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Battle of Tridentum

Battle of Tridentum
Part of the Cimbrian War
Date102 BC
Location
in the valley north of Tridentum (modern day Trento)
Result Roman tactical withdraw
Belligerents
Roman Republic Cimbri
Commanders and leaders
Quintus Lutatius Catulus Boiorix
Strength

Total: 6 legions (20,000-30,000 legionaries)


Engaged:
1 legion, the Samnites

Total: 400,000 (c.120,000 warriors)


Engaged:
unknown
Casualties and losses
light light

The Battle of Tridentum took place in a valley just beyond Tridentum in the Autumn of 102 BC. The Germanic Cimbri almost succeeded in overrunning a Roman camp in the middle of the Roman strategical retreat. The Romans were saved by the heroic charge of the men from the Samnite legion which bought the rest of the army enough time to cross the river and escape. Despite some light losses a disaster was averted.

Background

According to ancient sources, sometime around 120–115 BC, the Cimbri, a large Germanic tribe, left their homeland around the North Sea (in modern-day Denmark) due to climate changes. It is likely that they journeyed to the south-east and were soon joined by their neighbours the Teutones. On their way south they defeated several other Germanic, Celtic and Germano-Celtic tribes (such as the Boii). A number of these defeated tribes joined their migration. In 113 BC the Cimbri-Teutones confederation, led by Boiorix and Teutobod, defeated the Scordisci. The invaders then moved on to the Danube, arriving in Noricum, home to the Roman-allied Taurisci people. Unable to hold back these new, powerful invaders on their own, the Taurisci appealed to Rome for help.[1]

The Romans tried to stop the Germanic invaders in 112 at the Battle of Noreia, in 107 at the Battle of Burdigala, and in 105 at the Battle of Arausio but met with defeat each time. The Battle of Arausio was considered the Romans' greatest defeat since Hannibal crushed their army at Cannae. Fortunately for the Romans, the Germans did not invade Italy after their victories but travelled through Gaul and Hispania instead. For a decade the Romans lived in fear of a Germanic invasion they thought would arrive at any moment.

The migrations of the Cimbri and the Teutons. L Roman victories. W Cimbri and Teutons victories.

Rome now turned to their most effective and capable general, Gaius Marius, whom they elected Senior Consul in 104 BC, 103 BC and 102 BC (eventually Marius would be consul an unprecedented seven times). While waiting for the Germanic tribes to move towards Italy Marius recruited, equipped and trained his army. In 102 BC Marius sent his consular partner, the junior Consul Quintus Lutatius Catulus, to Cisalpine Gaul with instructions to stop the Cimbri advance, while he marched against the Teutones in Transalpine Gaul.[2]

Prelude

Catulus marched his army to Tridentum, a small trading town in one of the valleys in the Alps. From Tridentum he advanced up the valley to where it narrowed considerably. Catulus may have intended to use the valley's narrowness to his advantage because the Cimbri heavily outnumbered him. However, eventually the Romans decided on a strategical retreat.[3]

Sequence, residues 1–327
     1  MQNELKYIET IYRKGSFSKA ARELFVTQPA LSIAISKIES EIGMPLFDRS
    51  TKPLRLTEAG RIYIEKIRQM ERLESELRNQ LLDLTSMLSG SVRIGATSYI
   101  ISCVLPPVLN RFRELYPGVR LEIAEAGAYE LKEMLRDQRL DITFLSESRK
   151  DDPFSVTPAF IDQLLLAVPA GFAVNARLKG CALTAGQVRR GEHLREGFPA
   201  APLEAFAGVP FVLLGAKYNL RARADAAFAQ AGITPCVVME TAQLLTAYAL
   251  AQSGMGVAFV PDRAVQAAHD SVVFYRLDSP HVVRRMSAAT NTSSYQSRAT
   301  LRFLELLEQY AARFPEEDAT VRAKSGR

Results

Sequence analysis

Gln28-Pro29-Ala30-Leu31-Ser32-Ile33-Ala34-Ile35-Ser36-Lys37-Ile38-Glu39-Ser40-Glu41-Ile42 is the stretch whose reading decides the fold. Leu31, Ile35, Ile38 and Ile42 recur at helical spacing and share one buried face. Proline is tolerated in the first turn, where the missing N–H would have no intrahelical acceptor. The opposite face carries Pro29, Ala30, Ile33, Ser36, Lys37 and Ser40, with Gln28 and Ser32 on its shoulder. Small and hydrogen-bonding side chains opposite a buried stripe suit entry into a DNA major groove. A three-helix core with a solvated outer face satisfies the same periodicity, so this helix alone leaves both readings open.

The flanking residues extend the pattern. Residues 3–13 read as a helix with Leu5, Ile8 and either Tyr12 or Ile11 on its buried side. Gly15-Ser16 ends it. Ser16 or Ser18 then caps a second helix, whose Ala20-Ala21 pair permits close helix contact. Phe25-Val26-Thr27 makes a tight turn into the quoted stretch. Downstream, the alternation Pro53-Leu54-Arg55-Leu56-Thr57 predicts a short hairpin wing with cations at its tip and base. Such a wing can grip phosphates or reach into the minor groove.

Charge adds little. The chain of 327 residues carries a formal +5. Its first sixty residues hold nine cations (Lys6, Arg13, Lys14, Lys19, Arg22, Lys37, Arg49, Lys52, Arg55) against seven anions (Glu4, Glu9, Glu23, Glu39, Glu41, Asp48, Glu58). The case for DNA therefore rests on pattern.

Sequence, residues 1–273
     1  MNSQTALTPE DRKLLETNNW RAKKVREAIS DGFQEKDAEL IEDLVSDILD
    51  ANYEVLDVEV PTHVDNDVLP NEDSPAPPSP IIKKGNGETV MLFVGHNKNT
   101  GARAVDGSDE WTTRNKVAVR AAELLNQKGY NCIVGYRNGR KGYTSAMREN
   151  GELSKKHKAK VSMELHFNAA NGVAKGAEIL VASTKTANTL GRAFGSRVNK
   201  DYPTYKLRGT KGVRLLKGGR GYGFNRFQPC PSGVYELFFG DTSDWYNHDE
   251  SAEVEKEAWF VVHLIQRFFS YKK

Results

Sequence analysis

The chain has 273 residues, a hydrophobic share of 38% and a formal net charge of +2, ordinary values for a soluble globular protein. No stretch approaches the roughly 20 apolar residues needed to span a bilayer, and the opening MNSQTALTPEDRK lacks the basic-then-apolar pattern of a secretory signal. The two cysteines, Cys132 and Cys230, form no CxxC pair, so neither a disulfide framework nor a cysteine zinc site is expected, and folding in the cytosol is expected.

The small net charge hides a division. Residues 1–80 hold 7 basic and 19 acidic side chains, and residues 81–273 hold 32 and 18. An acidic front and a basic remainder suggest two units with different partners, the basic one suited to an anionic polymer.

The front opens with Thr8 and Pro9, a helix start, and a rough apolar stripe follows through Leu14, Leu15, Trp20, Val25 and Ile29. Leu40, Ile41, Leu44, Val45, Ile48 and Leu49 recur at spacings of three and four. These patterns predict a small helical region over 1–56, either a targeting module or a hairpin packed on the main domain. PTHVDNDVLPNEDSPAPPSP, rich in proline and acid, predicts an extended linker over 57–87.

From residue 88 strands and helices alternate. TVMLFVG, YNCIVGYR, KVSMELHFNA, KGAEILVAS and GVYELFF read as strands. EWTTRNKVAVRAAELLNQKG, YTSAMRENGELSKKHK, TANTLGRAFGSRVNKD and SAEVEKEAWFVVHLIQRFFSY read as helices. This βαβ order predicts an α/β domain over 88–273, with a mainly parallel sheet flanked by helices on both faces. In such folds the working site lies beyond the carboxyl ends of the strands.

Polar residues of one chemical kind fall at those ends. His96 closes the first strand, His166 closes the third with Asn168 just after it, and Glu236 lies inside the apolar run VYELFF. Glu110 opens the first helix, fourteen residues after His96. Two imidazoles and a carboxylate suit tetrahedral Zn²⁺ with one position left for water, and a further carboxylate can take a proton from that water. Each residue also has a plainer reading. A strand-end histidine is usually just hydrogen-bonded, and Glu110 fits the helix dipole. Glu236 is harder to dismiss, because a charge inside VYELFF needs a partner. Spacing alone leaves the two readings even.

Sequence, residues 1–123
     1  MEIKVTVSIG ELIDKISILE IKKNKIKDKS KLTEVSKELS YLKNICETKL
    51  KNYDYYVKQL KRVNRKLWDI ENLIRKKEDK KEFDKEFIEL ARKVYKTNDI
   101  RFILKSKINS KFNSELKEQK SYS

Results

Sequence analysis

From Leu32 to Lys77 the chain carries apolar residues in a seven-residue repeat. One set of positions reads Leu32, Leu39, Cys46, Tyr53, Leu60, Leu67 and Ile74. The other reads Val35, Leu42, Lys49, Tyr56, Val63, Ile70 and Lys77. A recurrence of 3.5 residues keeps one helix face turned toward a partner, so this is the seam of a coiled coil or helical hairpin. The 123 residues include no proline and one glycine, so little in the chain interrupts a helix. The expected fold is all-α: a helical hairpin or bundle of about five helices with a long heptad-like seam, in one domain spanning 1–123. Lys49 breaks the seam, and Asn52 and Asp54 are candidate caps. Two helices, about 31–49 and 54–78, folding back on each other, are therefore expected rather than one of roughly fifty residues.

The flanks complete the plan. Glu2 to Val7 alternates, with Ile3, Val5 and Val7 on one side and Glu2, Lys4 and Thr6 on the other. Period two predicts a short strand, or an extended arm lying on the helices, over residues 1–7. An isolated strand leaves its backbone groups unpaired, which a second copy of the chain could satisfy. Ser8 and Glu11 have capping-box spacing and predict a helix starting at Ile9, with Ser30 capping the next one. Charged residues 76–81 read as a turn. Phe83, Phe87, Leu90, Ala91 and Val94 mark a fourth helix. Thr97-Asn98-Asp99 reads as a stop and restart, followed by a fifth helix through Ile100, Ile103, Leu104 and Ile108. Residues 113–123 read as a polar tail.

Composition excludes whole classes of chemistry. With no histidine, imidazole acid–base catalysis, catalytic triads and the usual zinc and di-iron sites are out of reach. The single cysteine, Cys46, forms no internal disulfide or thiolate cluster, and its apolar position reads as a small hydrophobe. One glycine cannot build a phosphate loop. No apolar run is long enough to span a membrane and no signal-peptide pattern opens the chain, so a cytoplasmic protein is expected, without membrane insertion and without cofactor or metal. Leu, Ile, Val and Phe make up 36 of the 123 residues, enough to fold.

The Battle

By this time the Cimbri had become fully aware of the Roman presence, and decided to attack. The Cimbri first came across the camp of the Samnite Legion. The commander of the legion, the military tribune Marcus Aemilius Scaurus Junior, did not know what to do so the legion's Primus Pilus, Centurion Gnaeus Petreius acted instead. He led a heroic charge against the Cimbri to keep the advancing barbarians occupied long enough to give the rest of the men the opportunity to cross the river and escape. The Samnites got their men and wagons across the River Athesis and destroyed the bridge to prevent the Cimbri from following. There were, of course, some losses but the situation, humiliating as it was, was not as bad as it might have been.[4]

The Aftermath

The Cimbri now descended into the Po Valley spreading out over the area. Catulus and his staff decided that this fertile area would gain the Germanic tribes' attention for some time, long enough to give the Roman army time to regroup and link up with Marius' army. Roman citizens and Latin Rights holders were encouraged to leave the region for the time being.[4] Catulus Caesar marched his army to Placentia where he intended to rendezvous with Marius' legions.[5]

Marcus Aemilius Scaurus Junior was sent back to Rome to report the news to the Senate. His father, the Princeps Senatus Marcus Aemilius Scaurus, on hearing the news of his sons cowardice refused to see him and officially disowned him. Scaurus Junior then committed suicide.[4]

Meanwhile, Marius had defeated and destroyed the Teutones at the Battle of Aquae Sextiae. The next year (101 BC) Marius and Catulus joined forces and defeated and destroyed the Cimbri at the battle of Vercellae, finally ending the German threat.[6]

In fiction

References

  1. ^ Lynda Telford, Sulla: A Dictator Reconsidered, p. 40; Theodore Mommsen, A History of Rome, IV.
  2. ^ Lynda Telford, Sulla: A Dictator Reconsidered, p. 60.
  3. ^ Lynda Telford, Sulla: A Dictator Reconsidered, pp 60-61.
  4. ^ a b c Lynda Telford, Sulla: A Dictator Reconsidered, p. 61.
  5. ^ Lynda Telford, Sulla: A Dictator Reconsidered, p. 64.
  6. ^ Lynda Telford, Sulla: A Dictator Reconsidered, pp 64-65; Theodor Mommsen, History of Rome, Book IV "The Revolution", pp 71–72.